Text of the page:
Are you trying to choose between an air fryer vs. convection oven? Maybe you already have a regular oven and you’re not sure how best to upgrade, or you simply want to know whether to cook your food in an air fryer or a convection oven.
If you have a limited budget or limited space in your kitchen, you might be struggling to know which to opt for. So what’s the difference between air fryers and convection ovens, what are the benefits of each, and what foods can you cook in them?
What’s an Air Fryer and How Does It Work?
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An air fryer oven (also called an air frying oven) is designed to produce the same results as traditional deep frying … but with only a little oil, or even no oil at all.1
It works by rapidly circulating hot air around your food, using a high-powered fan. This creates a crispy layer on the outside. You get that nice crunchy finish without all the calories from deep frying.
Air fryers are great for cooking things like:
- Potato fries
- Frozen foods like chicken nuggets
- Small chickens (or chicken wings, drumsticks, etc)
- Homemade chips
- Egg rolls
One big selling point for the air fryer is how inexpensive they are compared to a convection oven. You can easily find a quality air fryer for under $100.
You can even cook things you might not expect in an air fryer, like cookies and even cakes: just make sure you follow a recipe that’s specifically designed for use with air fryers. You’ll need to reduce the baking temperature and lower the cooking time compared with using an oven.2
Air fryers tend to be quite a bit cheaper than convection ovens, too, unless you’re buying a countertop-sized convection oven.
What’s a Convection Oven and How Does It Work?
Image courtesy of Pixabay
A convection oven also uses a fan and exhaust system to circulate air around the oven. This helps food to cook more quickly and evenly than it would in an oven without a fan.
This means a convection oven is a great way to bake lots of food at once, as the temperature should be consistent in different parts of the oven. It also preheats more quickly—and you’ll likely get improved results from browning, crisping, and roasting your food.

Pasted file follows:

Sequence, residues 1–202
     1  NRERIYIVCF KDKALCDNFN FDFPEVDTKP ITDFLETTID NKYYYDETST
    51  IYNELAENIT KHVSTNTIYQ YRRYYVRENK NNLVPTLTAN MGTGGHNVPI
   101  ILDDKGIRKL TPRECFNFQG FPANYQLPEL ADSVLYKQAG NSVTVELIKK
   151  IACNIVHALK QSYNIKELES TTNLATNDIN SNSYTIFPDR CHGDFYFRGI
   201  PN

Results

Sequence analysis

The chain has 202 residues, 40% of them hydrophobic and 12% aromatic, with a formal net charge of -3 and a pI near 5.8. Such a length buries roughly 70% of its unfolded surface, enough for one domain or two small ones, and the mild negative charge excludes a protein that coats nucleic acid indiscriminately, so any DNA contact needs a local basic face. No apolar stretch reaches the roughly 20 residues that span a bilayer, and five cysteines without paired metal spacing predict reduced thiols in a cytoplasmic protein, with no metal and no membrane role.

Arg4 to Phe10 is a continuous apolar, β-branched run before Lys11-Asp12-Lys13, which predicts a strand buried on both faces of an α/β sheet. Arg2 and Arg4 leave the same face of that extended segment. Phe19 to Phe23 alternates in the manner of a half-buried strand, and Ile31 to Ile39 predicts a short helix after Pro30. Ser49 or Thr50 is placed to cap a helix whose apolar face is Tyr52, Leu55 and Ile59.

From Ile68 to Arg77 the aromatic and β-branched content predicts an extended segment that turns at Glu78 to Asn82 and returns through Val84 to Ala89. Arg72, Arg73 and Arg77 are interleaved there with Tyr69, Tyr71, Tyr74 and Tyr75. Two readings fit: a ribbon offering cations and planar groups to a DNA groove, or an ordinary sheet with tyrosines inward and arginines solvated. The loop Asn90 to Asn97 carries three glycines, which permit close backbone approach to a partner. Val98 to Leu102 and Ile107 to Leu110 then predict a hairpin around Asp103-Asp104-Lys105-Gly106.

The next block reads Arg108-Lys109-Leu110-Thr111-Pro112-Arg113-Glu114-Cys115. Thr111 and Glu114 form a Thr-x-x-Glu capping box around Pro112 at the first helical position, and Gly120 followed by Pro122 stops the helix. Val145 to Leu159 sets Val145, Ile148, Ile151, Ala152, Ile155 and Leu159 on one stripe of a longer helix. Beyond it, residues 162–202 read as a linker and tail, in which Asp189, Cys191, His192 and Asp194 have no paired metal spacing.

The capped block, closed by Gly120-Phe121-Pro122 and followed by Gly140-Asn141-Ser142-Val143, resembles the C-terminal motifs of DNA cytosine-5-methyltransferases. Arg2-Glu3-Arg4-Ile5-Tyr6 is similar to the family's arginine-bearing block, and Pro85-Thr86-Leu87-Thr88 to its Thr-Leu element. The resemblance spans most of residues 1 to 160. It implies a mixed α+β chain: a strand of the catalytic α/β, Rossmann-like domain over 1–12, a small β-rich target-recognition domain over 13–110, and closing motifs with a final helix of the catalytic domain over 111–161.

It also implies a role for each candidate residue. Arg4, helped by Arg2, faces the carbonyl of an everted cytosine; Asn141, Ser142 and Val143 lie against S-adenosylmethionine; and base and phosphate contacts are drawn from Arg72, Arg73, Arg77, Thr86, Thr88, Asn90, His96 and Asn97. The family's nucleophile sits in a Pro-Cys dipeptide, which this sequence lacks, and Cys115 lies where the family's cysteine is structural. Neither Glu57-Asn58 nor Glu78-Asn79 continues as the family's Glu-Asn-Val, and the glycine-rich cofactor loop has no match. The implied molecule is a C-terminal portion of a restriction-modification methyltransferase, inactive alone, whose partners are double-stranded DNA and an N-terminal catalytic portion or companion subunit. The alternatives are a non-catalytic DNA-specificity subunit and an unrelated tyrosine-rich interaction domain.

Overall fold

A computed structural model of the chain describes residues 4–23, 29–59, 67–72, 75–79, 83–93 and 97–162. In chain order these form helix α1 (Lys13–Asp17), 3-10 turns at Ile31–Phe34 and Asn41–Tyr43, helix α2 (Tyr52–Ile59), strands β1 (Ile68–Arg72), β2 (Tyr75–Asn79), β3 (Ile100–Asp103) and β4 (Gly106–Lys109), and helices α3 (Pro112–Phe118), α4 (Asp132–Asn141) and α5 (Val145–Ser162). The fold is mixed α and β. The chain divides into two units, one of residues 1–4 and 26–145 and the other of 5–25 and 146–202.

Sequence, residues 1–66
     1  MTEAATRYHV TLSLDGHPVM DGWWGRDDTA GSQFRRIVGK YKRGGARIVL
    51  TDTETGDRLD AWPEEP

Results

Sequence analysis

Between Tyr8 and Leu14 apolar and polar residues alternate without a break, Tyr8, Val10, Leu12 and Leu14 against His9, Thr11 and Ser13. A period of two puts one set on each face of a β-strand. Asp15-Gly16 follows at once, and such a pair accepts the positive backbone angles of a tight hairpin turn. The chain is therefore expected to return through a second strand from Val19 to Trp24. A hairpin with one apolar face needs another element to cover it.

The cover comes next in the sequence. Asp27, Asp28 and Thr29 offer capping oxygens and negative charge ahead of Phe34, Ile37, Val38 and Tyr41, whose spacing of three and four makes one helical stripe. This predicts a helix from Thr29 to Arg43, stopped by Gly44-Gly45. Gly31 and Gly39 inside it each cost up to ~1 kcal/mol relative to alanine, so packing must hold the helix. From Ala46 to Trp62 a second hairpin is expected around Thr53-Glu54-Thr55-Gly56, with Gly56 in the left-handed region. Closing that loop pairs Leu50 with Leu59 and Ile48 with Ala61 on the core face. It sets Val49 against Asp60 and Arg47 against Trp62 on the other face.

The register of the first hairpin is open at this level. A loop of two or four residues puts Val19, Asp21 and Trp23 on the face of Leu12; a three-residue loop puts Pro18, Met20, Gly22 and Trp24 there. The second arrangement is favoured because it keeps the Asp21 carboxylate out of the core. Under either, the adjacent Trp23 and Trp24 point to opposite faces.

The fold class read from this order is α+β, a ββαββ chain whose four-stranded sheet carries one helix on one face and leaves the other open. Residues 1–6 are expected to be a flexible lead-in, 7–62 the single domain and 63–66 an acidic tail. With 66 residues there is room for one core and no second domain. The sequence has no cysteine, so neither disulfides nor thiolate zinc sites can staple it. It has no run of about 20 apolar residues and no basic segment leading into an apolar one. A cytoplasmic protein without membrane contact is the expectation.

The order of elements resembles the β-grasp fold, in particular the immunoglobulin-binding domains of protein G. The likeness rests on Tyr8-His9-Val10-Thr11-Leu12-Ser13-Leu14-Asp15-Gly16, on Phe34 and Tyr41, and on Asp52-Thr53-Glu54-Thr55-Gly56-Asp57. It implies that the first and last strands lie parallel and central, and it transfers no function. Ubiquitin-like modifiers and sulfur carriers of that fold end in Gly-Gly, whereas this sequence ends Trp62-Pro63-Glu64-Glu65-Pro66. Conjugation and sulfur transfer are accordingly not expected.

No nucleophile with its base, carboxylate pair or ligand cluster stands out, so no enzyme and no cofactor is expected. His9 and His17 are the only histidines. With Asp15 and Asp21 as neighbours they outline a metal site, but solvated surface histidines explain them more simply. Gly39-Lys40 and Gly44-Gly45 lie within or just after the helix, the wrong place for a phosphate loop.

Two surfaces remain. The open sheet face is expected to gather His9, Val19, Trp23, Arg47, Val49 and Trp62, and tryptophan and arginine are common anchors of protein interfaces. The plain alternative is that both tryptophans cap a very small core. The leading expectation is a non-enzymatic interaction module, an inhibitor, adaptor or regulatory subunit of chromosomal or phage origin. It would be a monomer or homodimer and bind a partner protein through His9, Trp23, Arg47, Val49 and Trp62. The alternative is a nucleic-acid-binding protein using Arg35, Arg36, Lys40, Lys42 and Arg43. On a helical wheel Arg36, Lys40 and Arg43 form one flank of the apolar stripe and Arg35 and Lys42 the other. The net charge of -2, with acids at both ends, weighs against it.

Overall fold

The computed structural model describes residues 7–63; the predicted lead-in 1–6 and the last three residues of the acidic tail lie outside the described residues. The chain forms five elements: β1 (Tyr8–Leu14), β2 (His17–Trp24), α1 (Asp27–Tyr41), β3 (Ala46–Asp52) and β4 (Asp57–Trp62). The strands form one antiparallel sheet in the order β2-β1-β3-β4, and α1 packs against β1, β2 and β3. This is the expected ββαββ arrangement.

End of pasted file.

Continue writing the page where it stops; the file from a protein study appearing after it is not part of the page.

Convection ovens are great for:
- Baking cookies and cupcakes
- Roasting large pieces of meat
- Cooking lots of food at once
- Cooking food with a wet or loose coating (which might fly off in your air fryer)
If you’re used to cooking with a non-convection oven, you’ll likely find that you need to lower the temperature slightly and get your food out sooner, due to the increased efficiency of the convection oven.
Frequently Asked Questions About Air Fryers vs Convection Ovens
Is an Air Fryer the Same as a Convection Oven?
No, an air fryer isn’t the same thing as a convection oven, though it’s sometimes described as a type of convection oven. Air fryers tend to be small, counter-top appliances. While you can get toaster-oven-sized convection ovens, you can also get full-size convection ovens that you use in place of a regular oven. (You don’t have to use the convection feature each time, you can switch it on and off.)
Can I Use My Convection Oven as an Air Fryer?
Your convection oven can’t fully replace an air fryer, though you may find you get similar results for roasting potatoes and certain veggies. If you’re using an air fryer as an alternative to deep-frying, then a convection oven isn’t really a good replacement.
Which is Better: Convection Oven or Air Fryer?
Whether you opt for a convection oven vs. an air fryer depends on what you most often want to cook. A convection oven is the better option if you’re cooking large family meals: you simply won’t fit enough food into an air fryer. However, an air fryer is perfect if you want to cook food quickly—and if you want a lower-calorie alternative to crispy, fried food like your favorite fried chicken.
Do Convection Ovens and Air Fryers Work on the Same Principle?
Essentially, air fryers are a small, efficient type of convection oven. They’re faster and more energy-efficient, circulating hot air at a very high speed. The food inside the air fryer rests in a basket with holes, letting even more air get to it. In a regular oven, you’ll more likely use a solid tray or roasting pan.
Ultimately, the choice between an air fryer vs convection oven is up to you. The main difference is that air fryers are a lot smaller and that they don’t offer such versatility—but they do cook faster, and get you results on fried foods that you might not be able to achieve using a convection oven.
You might well want to invest in both an air fryer and a convection oven, to get the full benefits and the flexibility of cooking in different ways and at different speeds.
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- Joshy CG, Ratheesh G, Ninan G, Ashok Kumar K, Ravishankar CN. Optimizing air-frying process conditions for the development of healthy fish snack using response surface methodology under correlated observations. J Food Sci Technol. 2020;57(7):2651-2658. doi:10.1007/s13197-020-04301-z
- Mior Zakuan Azmi M, Taip FS, Mustapa Kamal SM, Chin NL. Effects of temperature and time on the physical characteristics of moist cakes baked in air fryer. J Food Sci Technol. 2019;56(10):4616-4624. doi:10.1007/s13197-019-03926-z